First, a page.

Thyroid cancer is common and is more common in older patients. Indeed thyroid cancer is the fastest rising cancer in women. Despite this increase, death from thyroid cancer remains low and is unchanged. One reason for the increase in the diagnosis of thyroid cancer is the increased use of imaging studies that include the neck, as increased medical imaging of any sort will lead to an increase in the diagnosis of small, potentially harmless nodules. Up to 50% of individuals that have an imaging study of the neck will be noted to have a thyroid nodule. More imaging may result in an increase in the diagnosis of low risk thyroid cancers that may not harm patients, whereas the treatment (surgery for example) may be more harmful than the disease. This is called overdiagnosis, where increased detection of a disease does not help a population in terms of decreased harm from that disease. This study looks to see if more imaging leads to the diagnosis of more low risk thyroid cancers in patients over the age of 65.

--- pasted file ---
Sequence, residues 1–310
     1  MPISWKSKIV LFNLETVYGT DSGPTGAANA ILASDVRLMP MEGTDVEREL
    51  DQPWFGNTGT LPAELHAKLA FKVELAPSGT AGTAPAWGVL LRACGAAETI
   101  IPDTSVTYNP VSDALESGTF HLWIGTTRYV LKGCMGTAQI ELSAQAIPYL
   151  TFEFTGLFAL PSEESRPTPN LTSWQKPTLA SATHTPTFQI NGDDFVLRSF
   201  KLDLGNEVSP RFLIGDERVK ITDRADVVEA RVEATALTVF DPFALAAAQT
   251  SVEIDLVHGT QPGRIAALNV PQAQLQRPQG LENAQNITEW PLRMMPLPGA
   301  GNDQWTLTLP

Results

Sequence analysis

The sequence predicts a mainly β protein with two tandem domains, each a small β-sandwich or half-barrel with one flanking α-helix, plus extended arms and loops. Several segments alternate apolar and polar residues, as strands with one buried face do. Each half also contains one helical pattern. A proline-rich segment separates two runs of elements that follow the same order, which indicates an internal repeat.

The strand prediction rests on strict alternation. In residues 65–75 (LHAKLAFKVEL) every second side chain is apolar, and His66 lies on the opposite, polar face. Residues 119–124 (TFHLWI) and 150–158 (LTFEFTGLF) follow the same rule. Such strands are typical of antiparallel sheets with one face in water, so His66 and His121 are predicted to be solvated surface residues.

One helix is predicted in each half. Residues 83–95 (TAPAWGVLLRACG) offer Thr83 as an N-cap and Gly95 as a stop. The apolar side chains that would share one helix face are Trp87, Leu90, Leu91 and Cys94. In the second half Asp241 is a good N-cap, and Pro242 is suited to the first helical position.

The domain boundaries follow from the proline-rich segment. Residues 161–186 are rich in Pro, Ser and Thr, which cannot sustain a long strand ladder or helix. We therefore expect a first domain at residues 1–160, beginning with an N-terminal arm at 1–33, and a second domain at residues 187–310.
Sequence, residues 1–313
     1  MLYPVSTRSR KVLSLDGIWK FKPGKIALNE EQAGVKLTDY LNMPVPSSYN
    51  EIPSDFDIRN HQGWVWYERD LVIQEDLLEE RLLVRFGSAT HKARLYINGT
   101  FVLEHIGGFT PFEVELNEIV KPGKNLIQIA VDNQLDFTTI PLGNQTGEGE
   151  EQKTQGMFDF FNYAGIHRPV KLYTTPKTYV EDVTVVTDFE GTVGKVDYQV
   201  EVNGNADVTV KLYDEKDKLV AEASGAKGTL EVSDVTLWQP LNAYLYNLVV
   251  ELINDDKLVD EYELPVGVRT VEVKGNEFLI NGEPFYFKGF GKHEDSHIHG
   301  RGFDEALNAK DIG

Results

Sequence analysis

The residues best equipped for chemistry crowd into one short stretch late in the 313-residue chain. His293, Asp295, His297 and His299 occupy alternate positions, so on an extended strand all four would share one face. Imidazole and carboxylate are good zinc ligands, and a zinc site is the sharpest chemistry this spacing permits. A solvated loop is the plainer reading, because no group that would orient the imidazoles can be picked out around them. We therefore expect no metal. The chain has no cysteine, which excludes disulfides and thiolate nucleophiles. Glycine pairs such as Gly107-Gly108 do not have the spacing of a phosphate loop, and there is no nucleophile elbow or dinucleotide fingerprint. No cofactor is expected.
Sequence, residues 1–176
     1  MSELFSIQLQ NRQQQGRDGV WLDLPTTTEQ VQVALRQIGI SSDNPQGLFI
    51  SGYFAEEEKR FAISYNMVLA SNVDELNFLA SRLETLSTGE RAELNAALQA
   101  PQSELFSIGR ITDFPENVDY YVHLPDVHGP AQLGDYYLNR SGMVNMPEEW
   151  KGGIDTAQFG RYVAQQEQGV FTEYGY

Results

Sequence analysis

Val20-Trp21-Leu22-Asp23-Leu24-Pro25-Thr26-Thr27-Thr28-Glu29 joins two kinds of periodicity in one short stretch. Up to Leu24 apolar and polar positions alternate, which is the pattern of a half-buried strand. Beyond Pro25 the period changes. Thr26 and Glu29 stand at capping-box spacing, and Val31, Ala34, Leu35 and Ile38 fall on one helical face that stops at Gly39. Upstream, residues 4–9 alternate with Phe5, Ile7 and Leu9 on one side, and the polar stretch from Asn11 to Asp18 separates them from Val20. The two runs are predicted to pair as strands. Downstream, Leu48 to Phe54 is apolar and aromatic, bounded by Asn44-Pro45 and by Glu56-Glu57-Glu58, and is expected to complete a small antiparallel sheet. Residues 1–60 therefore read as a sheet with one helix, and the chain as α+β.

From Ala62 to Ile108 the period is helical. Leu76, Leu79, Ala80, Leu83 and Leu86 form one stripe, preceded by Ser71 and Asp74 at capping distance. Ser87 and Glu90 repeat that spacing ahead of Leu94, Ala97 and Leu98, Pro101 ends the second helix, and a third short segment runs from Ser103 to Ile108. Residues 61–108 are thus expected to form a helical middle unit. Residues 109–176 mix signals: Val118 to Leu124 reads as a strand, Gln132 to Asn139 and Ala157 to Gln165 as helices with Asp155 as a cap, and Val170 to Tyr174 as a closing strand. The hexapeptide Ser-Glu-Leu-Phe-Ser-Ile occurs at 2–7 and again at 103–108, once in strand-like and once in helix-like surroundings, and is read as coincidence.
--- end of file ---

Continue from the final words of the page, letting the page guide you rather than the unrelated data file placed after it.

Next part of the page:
THE FULL ARTICLE TITLE:
Haymart MR et al 2018 Thyroid ultrasound and the increase in diagnosis of low-risk thyroid cancer. J Clin Endocrinol Metab. Epub 2018 Oct 16.
SUMMARY OF THE STUDY
The authors studied two databases of Medicare patients (age over 65) and looked at the years 2002-2013. One database gave information about the number of thyroid ultrasounds performed and the other gave information about thyroid cancer detection. The authors used statistical methods to compare the rate of imaging with the discovery of new thyroid cancers.